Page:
Investing in dignity
by Sarah Day
12 February 2021
Proposed changes to mental health legislation aim to put patients at the centre of decisions about their care and ensure they are treated with dignity. But these sentiments will need to be backed up with appropriate funding.
The theme of dignity runs throughout Sir Simon Wessely’s 2018 review of the Mental Health Act 1983. The review recognised the importance of acknowledging the experiences of those detained under the act, who felt stripped of their dignity and self-respect. And it underlined that dignity is not just desirable, but essential to wellbeing and health, reducing the risk of future admissions.
If dignity means that what a person has to say is important, then the recent mental health white paper goes some way to recognising that allowing a person to retain their dignity is essential.
Over the next three months, the government is consulting on a wide range of changes to the act. The consultation has been delayed by Covid-19, but the pandemic has already accelerated some of the changes called for in the review. It has certainly further highlighted the importance of improving mental health services and the impact that racial and cultural inequalities can have for those who need support.
The review developed four principles that are at the centre of the government’s proposed reforms. The principle of choice and autonomy ensures that a person’s views and choices are respected. The powers of the act should be used in the least restrictive way. There needs to be a therapeutic benefit to the intervention to allow people to get better and be discharged. And patients must be viewed as individuals and treated as such.
Dignity will not be delivered by any single change. Some of the changes will be cultural, but better facilities and an expanded and enhanced workforce will also play a part.
Some of the changes needed are already underway. The NHS long term plan sets out the intention to further personalise care and many areas already offer fantastic, personalised care to those in receipt of mental health services. For those in receipt of section 117 aftercare, after they have been detained under the act, there is already a legal right to have a personal health budget.
The expansion of crisis services is another example and the NHS people plan promises to increase and improve the mental health workforce. In terms of facilities, funding has already been identified to remove dormitories from the mental health estate.
But the white paper goes further. It commits to tackling the backlog maintenance for the mental health estate, although the funding to do so is not identified. It also sets out a new duty on the NHS, specifically clinical commissioning groups, and local authorities to ensure that there is an adequate supply of community services for people with a learning disability or autism. The proposals recognise that this may lead to additional funding requirements although there is only a commitment to assess the implications for local government in this respect.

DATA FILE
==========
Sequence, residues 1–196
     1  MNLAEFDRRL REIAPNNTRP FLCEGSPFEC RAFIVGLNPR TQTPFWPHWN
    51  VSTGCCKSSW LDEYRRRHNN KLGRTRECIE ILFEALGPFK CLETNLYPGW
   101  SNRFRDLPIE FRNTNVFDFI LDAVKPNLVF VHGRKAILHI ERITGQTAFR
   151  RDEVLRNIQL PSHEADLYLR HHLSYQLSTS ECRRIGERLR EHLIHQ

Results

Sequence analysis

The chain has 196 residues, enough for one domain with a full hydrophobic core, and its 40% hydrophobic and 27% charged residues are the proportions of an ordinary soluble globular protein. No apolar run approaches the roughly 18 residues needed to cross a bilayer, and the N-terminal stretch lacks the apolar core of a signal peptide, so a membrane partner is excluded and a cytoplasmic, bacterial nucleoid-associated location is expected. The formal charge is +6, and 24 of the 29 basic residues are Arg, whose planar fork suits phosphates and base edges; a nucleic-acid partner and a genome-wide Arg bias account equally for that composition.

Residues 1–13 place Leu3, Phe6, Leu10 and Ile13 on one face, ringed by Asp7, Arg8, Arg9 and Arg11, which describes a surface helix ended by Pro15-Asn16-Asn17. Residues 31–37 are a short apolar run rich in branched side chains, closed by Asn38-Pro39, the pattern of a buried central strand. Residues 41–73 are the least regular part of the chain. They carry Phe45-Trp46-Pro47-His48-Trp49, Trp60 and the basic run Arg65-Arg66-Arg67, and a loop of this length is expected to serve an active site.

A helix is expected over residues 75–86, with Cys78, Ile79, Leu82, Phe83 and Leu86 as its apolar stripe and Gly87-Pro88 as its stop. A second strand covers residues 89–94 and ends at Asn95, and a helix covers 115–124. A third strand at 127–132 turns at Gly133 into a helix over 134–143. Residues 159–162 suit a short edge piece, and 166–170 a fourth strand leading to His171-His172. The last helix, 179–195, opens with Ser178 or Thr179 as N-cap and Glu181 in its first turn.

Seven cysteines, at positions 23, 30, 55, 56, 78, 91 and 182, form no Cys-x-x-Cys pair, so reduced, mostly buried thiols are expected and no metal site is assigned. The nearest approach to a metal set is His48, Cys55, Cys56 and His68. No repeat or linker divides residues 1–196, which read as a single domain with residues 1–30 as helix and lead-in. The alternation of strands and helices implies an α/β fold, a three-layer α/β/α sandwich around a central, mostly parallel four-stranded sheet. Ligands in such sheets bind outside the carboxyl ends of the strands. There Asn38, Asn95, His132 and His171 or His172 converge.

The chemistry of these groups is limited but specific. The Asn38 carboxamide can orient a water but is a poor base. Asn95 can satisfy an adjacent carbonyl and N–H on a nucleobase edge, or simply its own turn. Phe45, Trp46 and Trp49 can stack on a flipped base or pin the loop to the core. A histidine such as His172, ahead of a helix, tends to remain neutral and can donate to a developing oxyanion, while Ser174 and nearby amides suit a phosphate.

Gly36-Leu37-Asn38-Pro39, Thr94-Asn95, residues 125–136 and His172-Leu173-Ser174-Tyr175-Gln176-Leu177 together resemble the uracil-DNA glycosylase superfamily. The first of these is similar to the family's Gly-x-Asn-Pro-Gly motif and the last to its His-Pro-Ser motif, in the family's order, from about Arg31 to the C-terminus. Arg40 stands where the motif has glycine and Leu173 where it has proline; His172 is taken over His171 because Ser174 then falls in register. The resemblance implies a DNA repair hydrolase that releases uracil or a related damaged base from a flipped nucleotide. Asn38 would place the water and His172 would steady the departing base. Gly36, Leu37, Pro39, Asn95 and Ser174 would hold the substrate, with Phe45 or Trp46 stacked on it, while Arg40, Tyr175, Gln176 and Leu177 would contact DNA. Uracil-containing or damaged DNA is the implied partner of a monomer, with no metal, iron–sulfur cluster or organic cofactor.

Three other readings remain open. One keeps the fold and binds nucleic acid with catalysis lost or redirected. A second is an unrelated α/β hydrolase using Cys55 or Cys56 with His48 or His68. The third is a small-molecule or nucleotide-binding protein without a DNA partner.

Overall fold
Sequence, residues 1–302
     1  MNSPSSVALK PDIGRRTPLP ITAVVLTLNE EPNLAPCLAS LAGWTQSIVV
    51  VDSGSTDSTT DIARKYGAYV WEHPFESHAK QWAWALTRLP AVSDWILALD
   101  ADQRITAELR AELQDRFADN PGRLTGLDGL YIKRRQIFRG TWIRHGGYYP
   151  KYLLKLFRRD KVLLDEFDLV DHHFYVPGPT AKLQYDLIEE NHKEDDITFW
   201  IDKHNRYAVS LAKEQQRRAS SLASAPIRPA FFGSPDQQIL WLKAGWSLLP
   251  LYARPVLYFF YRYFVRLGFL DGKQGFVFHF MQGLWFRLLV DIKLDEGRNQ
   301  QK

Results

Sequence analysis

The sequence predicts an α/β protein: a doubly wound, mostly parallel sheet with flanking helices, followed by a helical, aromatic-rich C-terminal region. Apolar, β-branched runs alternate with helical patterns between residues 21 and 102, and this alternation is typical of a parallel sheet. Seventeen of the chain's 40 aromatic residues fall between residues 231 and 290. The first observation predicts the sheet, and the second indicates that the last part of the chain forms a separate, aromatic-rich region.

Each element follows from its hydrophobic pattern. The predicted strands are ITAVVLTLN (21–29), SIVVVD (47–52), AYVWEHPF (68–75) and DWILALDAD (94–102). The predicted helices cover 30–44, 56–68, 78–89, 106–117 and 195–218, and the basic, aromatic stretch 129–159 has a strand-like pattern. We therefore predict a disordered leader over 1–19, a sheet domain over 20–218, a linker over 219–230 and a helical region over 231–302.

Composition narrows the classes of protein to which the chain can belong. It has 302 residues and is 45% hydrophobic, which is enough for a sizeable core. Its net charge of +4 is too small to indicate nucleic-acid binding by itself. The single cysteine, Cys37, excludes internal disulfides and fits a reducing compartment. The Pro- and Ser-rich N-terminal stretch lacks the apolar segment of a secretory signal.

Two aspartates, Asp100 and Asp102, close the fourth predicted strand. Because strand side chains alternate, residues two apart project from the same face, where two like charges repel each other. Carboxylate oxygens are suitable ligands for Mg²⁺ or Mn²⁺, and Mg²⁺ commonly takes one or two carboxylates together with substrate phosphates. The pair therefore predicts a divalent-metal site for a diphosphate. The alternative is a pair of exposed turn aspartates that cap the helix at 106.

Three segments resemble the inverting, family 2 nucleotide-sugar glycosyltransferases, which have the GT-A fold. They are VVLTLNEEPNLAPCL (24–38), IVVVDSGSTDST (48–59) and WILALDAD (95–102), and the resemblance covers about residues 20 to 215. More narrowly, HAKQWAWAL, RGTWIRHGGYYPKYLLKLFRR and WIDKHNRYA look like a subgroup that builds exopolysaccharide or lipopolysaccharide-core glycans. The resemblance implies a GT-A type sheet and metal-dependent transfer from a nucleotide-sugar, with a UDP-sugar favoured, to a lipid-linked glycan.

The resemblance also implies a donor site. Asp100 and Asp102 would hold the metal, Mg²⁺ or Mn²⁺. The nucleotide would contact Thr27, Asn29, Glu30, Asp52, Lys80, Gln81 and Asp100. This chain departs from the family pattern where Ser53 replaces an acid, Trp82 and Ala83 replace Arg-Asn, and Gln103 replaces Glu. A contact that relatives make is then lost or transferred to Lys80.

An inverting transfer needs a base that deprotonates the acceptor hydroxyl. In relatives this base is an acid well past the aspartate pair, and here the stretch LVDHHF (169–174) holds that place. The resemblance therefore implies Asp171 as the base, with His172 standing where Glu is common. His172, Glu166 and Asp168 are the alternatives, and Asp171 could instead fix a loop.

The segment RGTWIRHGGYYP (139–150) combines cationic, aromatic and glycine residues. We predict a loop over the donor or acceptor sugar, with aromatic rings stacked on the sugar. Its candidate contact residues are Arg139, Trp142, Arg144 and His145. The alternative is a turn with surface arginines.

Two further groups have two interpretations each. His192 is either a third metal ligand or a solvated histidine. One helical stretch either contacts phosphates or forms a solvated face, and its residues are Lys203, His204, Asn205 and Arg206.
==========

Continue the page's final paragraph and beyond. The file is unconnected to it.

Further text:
If assessment and detention under the mental health act is to be the last resort, then the continued investment in mental health services is essential. The Health Infrastructure Plan included plans to build 40 new hospitals, two of which were for mental health. Alongside the white paper, the government has announced that bids will be invited for a further eight schemes, some of which will be for mental health and will be in addition to the existing committed funding of £400m to improve the mental health estate.
As the country enters a period of anticipated prolonged recession, committing funding to support further investment in mental health improvements is a big ask. The government anticipates that the cost of the additional workforce required to enact the reforms to the mental health act is likely to be £200m to £400m a year.
There is the ongoing question of where those staff are going to come from for a sector that often struggles to recruit. And, within the text of the proposals that highlight that this will be presented ‘when Parliamentary time allows’, is the following sentence – ‘the proposals set out in this white paper are subject to future funding decisions, including at spending review 2021’.
The core principles of the proposed reforms are indisputable. We all hope to retain our dignity at the times when we are most vulnerable and in need of support. But at a time when all sectors of our economy need support, are these sweeping reforms something that the government can fully commit to?
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